The Tax Court's Decision

The Tax Court once again ruled in the IRS's favor, holding that the collapse of the retaining wall was not a casualty within the meaning of Sec. 165(c)(3). Based on the reports from the inspections and studies over the 20 years prior to the collapse and the testimony of the IRS's expert witness, the court found that progressive deterioration of the wall caused the collapse and that the rainfall in the months preceding the collapse was not a significant contributing factor.

Alphonso based her argument primarily on the Tax Court's holding in Helstoski, T.C. Memo. 1990-382. In Helstoski, violent thunderstorms undermined the footings of a dam on the taxpayer's property, causing the pond behind the dam to drain, which washed away an access road that led to the pond. This significantly decreased the fair market value of the property, and the taxpayer claimed a casualty loss deduction, which the IRS disallowed. The Tax Court, however, held that the taxpayer was entitled to the deduction. Because the damage in Helstoski was caused by a storm, and, under her theory, rainstorms caused the damage to the Castle Village retaining wall, Alphonso argued that Helstoski supported her casualty loss deduction for the collapse of the retaining wall.

The Tax Court found that Alphonso's reliance on Helstoski was misplaced because of differences between that case and hers, particularly with respect to the expert witness testimony. In Helstoski, while the IRS took the position that the dam failure was due to gradual erosion around the dam footings, the IRS's expert admitted that he was not certain why the dam had failed and that several factors were involved. Therefore, the Tax Court was unwilling to rely on the IRS's explanation.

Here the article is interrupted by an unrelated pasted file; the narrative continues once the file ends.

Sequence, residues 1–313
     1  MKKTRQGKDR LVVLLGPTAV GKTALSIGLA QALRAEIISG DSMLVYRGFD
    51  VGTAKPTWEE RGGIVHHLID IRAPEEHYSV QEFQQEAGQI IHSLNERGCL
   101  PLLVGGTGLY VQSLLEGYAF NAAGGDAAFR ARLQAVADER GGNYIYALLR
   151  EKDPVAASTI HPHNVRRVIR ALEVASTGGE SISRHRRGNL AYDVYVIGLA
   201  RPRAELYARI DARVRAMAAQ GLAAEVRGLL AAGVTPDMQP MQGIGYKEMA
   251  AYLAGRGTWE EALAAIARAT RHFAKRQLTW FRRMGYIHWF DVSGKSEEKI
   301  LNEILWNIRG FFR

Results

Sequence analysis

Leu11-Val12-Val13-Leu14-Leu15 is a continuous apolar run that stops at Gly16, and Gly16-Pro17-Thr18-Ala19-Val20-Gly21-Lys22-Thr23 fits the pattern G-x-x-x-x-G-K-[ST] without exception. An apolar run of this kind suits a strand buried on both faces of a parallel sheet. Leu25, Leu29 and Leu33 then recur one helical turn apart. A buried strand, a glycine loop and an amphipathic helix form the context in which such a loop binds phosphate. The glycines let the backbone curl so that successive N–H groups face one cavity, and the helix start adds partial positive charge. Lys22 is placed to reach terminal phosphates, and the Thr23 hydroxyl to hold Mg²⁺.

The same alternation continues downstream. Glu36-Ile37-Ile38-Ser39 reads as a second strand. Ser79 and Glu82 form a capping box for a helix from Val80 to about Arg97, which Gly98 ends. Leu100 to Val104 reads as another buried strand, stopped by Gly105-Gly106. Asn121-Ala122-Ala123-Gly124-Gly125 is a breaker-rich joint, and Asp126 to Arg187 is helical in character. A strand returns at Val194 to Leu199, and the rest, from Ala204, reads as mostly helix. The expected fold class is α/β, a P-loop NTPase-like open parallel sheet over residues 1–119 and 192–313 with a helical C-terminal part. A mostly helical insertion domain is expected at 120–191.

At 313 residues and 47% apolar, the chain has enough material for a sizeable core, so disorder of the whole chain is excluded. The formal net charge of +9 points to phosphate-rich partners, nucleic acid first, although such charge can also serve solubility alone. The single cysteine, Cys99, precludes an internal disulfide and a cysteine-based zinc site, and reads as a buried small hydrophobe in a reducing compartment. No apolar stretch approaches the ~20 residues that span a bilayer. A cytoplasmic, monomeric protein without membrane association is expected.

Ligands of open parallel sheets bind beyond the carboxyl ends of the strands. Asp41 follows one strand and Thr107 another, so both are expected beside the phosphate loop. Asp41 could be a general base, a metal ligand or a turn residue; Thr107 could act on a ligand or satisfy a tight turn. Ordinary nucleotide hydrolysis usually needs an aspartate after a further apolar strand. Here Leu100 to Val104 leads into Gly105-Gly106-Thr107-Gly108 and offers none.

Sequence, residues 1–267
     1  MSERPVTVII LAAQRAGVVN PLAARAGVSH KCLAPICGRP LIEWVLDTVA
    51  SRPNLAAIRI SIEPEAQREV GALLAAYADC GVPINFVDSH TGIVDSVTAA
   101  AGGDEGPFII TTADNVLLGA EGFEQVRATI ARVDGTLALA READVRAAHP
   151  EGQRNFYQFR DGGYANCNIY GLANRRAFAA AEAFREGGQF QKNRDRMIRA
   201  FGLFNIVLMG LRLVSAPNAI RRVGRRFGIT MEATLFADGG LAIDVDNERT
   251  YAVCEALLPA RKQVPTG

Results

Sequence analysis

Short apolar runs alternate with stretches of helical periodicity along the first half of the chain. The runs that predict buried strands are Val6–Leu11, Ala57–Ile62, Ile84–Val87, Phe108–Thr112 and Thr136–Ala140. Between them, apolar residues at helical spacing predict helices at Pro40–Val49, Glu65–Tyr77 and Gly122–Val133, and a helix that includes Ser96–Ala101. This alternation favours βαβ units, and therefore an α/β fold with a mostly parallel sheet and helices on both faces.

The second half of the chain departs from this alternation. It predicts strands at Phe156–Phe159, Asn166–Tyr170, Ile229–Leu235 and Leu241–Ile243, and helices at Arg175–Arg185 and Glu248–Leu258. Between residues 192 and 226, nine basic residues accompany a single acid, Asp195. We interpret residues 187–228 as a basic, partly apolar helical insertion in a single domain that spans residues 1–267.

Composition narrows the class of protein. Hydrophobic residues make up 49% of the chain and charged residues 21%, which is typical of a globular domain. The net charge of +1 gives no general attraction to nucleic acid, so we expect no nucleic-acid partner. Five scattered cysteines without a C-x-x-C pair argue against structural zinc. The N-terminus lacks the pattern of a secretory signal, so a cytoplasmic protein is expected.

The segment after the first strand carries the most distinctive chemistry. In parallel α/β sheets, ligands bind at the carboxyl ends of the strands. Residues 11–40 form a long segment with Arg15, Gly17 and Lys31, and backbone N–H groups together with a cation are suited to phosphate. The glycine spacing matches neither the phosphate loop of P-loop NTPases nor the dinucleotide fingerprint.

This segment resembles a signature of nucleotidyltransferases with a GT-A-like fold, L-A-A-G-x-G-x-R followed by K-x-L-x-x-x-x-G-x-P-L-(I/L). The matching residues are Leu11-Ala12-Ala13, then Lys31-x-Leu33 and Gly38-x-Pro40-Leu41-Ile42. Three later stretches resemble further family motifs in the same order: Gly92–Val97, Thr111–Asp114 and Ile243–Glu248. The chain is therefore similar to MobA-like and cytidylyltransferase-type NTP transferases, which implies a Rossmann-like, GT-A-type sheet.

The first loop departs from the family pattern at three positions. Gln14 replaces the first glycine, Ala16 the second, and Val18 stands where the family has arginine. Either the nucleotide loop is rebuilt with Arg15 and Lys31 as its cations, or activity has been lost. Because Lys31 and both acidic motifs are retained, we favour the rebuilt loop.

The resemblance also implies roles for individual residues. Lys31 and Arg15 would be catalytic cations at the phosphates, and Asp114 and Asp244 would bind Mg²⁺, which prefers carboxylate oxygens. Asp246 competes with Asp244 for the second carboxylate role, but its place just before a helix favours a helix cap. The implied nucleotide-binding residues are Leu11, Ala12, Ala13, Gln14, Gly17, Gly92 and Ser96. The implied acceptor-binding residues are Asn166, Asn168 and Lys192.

In Alphonso's case, the court found the IRS expert's report and testimony to be persuasive and reliable, while finding her expert's report and testimony to be the opposite. The court noted that Alphonso's expert, while being an expert in geotechnical engineering, opined in his report on matters outside this area, making only part of his report usable. At trial, he admitted he had used the wrong engineering guideline in his report, and the court found his testimony at trial was uninformed because he had not adequately reviewed his report before trial. Additionally, as the court discussed at some length, his answers under cross-examination by IRS counsel tended to contradict rather than support his conclusion about the cause of the collapse.

On the other hand, the court found the IRS's expert witness to be fully qualified in all the subjects covered in his report, and described his report as "impressive and persuasive." The report presented a theory, which the court considered plausible, that due to the way in which the wall had been constructed and unobservable flaws in the construction, tension slowly had been building up over the years, resulting in the collapse in 2005. In addition, in his report and under cross-examination by Alphonso's counsel, the IRS expert convincingly explained why rainfall in the months before the retaining wall collapse was only a small contributing factor to the collapse.


This case underlines the importance of thoroughly prepared and knowledgeable expert witnesses. Although arguably, based on the other evidence in the record, there was not much chance that any expert witness could have convinced the Tax Court that Alphonso's theory about the cause of the retaining wall's collapse was correct, her expert's failure to present a persuasive report and testimony did nothing to help her. As the Tax Court put it: "We are unwilling to rely on the views of a purported expert who is at best careless and at worst not competent."

Alphonso, T.C. Memo. 2016-130